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Kimberly Peirce has been hired to direct a remake Stephen King‘s Carrie. Peirce made her name with the 1999 indie film Boys Don’t Cry which featured an Oscar-winning performance from Hilary Swank. Peirce was voted one of Hollywood’s upcoming best new talents, but the filmmaker has yet to deliver a worthy follow-up, helming the 2008 war film Stop-Loss and an episode of The L Word.
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What is Page 2? Page 2 is a compilation of stories and news tidbits, which for whatever reason, didn’t make the front page of /Film. After the jump we’ve included 30 different items, fun images, videos, casting tidbits, articles of interest and more. It’s like a mystery grab bag of movie web related goodness. If you have any interesting items that we might’ve missed that you think should go in /Film’s Page 2 – email us!

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What is Page 2? Page 2 is a compilation of stories and news tidbits, which for whatever reason, didn’t make the front page of /Film. After the jump we’ve included 46 (!?!) different items, fun images, videos, casting tidbits, articles of interest and more. It’s like a mystery grab bag of movie web related goodness. If you have any interesting items that we might’ve missed that you think should go in /Film’s Page 2 – email us!

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apatow producing

ComingSoon has learned that Judd Apatow is developing a romantic sex comedy project with Kimberly Peirce, the indie film director responsible for Boys Don’t Cry and Stop-Loss. Apatow also revealed that he’s developing a comedy project with John Carney, the director of the 2007 Sundance micro-budget musical Once.

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SXSW Movie Review: Stop-Loss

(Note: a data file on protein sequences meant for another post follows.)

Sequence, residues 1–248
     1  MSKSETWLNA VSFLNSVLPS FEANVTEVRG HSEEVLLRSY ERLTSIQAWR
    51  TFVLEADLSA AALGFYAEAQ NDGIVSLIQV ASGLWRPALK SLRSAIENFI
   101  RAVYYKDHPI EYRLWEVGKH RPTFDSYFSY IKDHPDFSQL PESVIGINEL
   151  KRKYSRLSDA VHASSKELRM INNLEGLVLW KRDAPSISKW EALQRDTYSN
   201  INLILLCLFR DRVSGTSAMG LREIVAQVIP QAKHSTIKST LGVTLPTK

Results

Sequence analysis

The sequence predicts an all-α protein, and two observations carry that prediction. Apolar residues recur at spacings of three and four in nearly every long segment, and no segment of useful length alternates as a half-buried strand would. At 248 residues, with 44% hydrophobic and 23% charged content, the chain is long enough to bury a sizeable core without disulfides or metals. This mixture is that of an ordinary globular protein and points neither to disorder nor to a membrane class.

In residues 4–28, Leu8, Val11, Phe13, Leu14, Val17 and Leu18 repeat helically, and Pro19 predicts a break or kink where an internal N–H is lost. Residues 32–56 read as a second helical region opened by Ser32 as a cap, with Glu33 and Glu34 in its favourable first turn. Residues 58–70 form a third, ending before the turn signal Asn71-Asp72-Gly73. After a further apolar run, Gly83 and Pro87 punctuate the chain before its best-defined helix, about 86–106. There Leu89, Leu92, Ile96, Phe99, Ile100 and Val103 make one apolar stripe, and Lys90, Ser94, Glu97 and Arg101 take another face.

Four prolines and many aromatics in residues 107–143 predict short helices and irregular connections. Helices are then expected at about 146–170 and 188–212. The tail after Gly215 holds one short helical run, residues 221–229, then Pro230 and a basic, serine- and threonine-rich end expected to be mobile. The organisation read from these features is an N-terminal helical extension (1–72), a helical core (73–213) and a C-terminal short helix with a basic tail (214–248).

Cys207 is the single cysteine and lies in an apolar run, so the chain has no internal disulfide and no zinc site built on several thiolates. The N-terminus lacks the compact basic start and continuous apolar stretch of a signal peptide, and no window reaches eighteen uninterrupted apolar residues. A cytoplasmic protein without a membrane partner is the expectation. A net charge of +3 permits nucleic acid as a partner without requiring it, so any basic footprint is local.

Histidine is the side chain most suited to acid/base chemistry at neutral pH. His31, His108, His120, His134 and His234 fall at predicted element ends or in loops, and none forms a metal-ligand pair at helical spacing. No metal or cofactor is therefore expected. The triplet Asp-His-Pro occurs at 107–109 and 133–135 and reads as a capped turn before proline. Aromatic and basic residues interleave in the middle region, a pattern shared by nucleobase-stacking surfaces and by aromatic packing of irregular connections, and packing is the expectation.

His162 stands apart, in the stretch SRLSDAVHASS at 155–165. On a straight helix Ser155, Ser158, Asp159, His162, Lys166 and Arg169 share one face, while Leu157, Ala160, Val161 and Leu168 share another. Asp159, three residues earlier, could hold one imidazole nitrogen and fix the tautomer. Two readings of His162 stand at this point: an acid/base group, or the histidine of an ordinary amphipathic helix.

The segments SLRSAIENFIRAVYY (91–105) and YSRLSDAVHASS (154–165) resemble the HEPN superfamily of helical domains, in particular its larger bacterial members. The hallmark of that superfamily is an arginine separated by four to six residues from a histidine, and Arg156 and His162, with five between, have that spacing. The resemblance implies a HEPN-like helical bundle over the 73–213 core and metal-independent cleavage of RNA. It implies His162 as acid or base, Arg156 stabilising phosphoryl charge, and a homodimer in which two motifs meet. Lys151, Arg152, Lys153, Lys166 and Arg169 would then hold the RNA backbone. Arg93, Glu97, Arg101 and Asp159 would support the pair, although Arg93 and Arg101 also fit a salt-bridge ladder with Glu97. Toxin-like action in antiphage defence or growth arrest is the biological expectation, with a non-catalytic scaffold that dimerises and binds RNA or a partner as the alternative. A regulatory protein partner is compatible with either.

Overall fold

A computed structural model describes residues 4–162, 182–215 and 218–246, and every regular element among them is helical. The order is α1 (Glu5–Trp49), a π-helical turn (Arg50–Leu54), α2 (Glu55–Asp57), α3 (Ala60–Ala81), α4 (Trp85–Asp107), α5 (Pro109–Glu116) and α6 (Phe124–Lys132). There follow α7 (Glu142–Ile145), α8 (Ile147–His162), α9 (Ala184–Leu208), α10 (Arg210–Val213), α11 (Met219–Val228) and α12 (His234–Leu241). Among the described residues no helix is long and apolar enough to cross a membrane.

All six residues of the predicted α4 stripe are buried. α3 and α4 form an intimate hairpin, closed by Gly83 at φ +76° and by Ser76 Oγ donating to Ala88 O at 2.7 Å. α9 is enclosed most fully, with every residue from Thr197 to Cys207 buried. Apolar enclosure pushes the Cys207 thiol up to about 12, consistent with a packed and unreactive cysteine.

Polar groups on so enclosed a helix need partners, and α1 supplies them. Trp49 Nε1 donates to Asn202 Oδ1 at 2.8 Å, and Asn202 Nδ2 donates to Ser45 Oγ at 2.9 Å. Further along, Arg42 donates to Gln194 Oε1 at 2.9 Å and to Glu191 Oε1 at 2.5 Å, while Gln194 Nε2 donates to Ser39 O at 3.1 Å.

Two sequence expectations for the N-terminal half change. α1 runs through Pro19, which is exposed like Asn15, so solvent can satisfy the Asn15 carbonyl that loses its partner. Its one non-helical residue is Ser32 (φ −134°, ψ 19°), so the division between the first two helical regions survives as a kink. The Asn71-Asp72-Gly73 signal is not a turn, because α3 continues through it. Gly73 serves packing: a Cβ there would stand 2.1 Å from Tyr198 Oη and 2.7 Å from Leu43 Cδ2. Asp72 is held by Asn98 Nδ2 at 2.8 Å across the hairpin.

Stop-Loss

Directed and co-written by Kimberly Peirce (Boys Don’t Cry, The Last Good Breath), Stop Loss dramatizes the U.S. military’s “stop-loss” policy that allows the military to postpone the honorable discharge of U.S. soldiers and send them back to Iraq and Afghanistan for another tour of duty (usually a year to eighteen months). Alas, Stop Loss proves the adage that “good politics don’t make good art.” Stop Loss suffers from a serious case of implausibility and contrivance that fatally undermines whatever insight Peirce hopes to shed on the stop-loss policy and its unfairness toward the soldiers who serve in the U.S. military in foreign countries.

Sergeant Brandon King (Ryan Phillippe), leads his men, including his best friend, Sergeant Steve Shriver (Channing Tatum), Tommy Burgess (Joseph Gordon-Levitt), Isaac ‘Eyeball’ Butler (Rob Brown), Al ‘Preacher’ Colson (Terry Quay), and Rico Rodriguez (Victor Rasuk), down an alley to hunt down suspected terrorists or insurgents in Iraq. Pinned down in an ambush, King loses several men, but saves Shriver and Rodriguez from almost certain death. With his tour of duty almost done, King returns to his small hometown in Texas. There, he receives the Bronze Star for his bravery in saving his men and a Purple Heart for injuries sustained in combat. After celebrating with Shriver, Burgess, Shriver’s fiancé, Michelle (Abbie Cornish), his parents, Ida (Linda Emond) and Roy (Ciarán Hinds), King returns to the army base for debriefing.